How to make a sawhorse
A sawhorse is not only useful in the DIY workshop, they also come in very handy for tables and desks. You can use a sawhorse to assemble an instant garden table if you have an old door, or even a temporary place to set up your home office. Here's how to make a simple sawhorse.
These sawhorses are light, sturdy, and stackable, which means they can easily be stored away when not in use.
Use a mitre saw or handsaw to cut to 20mm deep on the sides and through the section to be removed, to make it easier to take out with a wood chisel.
If you have a new Dremel SawMax, you can use this as well.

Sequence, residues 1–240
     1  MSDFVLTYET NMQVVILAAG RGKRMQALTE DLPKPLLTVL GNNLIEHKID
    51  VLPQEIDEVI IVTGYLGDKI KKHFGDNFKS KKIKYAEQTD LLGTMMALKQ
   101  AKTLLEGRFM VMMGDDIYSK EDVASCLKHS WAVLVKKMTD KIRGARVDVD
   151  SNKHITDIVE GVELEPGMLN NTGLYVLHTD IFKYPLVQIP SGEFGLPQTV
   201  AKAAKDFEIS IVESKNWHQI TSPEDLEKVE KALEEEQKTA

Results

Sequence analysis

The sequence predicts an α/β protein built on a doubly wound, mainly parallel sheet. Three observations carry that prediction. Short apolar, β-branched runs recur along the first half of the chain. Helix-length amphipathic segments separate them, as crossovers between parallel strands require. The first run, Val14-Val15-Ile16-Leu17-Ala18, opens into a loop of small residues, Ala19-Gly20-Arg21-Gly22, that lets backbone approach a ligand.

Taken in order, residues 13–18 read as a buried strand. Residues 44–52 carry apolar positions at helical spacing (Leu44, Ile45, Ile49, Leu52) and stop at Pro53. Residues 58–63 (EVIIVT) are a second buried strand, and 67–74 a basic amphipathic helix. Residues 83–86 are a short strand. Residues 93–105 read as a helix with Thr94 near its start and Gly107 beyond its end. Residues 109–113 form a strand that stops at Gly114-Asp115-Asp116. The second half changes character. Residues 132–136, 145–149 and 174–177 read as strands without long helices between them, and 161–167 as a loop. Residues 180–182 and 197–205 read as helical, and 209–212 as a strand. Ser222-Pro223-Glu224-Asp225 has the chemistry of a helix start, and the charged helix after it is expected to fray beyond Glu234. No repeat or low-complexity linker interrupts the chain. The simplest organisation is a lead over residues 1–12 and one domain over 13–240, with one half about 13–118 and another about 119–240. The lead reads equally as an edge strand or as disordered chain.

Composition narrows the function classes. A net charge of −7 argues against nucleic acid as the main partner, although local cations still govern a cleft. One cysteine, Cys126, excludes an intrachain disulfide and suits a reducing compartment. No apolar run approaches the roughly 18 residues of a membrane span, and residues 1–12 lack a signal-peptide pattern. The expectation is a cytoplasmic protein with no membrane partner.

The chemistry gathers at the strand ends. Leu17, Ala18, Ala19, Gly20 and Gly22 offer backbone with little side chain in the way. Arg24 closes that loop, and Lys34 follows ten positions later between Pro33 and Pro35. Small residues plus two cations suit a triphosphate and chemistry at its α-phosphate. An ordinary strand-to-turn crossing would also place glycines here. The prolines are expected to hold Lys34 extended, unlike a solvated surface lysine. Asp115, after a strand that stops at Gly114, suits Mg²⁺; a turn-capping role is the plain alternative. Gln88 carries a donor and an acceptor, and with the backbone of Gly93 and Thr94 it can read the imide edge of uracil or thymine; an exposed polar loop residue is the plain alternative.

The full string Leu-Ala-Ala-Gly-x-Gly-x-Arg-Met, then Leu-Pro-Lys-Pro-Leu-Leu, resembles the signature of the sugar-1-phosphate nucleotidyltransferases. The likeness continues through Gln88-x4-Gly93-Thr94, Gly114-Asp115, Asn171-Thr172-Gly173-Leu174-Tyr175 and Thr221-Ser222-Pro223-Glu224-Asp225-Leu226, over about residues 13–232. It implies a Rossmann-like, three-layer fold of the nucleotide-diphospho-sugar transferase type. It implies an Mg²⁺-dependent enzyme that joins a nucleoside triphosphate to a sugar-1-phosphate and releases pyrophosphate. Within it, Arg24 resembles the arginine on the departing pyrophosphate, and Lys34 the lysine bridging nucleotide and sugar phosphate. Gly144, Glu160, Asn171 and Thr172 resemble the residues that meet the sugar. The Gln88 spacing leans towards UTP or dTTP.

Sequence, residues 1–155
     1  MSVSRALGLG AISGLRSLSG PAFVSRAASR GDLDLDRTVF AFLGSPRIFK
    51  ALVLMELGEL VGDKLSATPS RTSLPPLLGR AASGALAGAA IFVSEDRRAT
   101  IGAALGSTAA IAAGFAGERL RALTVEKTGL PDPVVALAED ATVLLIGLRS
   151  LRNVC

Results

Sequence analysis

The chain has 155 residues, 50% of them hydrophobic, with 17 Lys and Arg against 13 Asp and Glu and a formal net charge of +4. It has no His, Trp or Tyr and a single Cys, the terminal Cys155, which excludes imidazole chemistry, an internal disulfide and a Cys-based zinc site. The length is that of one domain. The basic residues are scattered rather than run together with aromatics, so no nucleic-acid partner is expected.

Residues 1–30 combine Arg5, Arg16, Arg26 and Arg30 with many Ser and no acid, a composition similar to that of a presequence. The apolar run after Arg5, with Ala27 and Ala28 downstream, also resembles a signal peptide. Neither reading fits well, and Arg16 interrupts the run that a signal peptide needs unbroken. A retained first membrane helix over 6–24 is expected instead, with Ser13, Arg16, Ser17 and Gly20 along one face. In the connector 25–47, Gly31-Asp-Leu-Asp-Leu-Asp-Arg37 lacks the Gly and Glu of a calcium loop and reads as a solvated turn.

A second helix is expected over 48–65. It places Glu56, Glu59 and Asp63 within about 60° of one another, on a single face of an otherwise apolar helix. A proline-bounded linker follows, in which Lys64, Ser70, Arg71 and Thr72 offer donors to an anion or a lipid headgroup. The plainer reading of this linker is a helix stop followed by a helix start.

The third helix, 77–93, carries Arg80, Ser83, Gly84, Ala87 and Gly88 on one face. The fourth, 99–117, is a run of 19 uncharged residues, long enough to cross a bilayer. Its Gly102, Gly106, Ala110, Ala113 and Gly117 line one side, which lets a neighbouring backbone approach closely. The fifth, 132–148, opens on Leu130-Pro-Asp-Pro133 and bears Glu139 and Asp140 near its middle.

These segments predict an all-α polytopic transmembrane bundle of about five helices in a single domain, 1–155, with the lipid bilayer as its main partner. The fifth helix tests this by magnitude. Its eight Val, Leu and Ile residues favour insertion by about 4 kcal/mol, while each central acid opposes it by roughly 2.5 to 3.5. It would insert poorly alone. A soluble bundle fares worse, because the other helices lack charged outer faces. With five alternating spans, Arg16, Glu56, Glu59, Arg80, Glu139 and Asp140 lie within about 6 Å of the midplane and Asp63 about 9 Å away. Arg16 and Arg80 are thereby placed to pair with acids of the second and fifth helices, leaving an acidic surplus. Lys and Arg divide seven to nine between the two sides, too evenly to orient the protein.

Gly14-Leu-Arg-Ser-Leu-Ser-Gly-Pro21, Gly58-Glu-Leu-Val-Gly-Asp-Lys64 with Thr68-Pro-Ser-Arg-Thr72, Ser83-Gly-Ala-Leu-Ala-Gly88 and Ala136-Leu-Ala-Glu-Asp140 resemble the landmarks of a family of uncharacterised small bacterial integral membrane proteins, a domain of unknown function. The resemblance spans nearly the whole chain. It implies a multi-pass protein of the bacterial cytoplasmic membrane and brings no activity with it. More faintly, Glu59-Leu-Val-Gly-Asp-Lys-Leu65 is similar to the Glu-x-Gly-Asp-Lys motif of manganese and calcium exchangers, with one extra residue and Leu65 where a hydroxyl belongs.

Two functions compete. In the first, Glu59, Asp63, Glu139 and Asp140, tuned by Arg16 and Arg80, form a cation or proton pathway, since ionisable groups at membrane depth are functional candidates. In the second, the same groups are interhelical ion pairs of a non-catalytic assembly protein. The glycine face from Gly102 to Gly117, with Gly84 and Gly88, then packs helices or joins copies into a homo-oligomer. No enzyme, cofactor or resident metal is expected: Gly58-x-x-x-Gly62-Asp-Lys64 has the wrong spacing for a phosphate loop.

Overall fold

The angle on each leg is 18 degrees and you can set your mitre saw or table saw to cut this, or you can mark and then use a jigsaw to cut.
Cut the mitre on the bottom end of the legs only half way across. This prevents it from chipping out when the sawhorse is used - see diagram above.
Glue the two pieces of 50 x 100mm pieces that form the beam together.
No need to put a lot of glue in between, as this joint won't really get stressed.
It's best to put a small clamp on the two pieces as shown before nailing them.
With the glue between the pieces, it acts as a surprisingly good lubricant, and the pieces tend to slide out of place while you are nailing them.
Glue and nail the legs to the beam.
Rather than measure how big the leg plates need to be, I just marked them off the sawhorse and cut them to size.
Nail the leg plates onto the legs.
The leg plate should be slid right up against the cross beam, so as to provide extra support.
Nail these to both sides of the legs.
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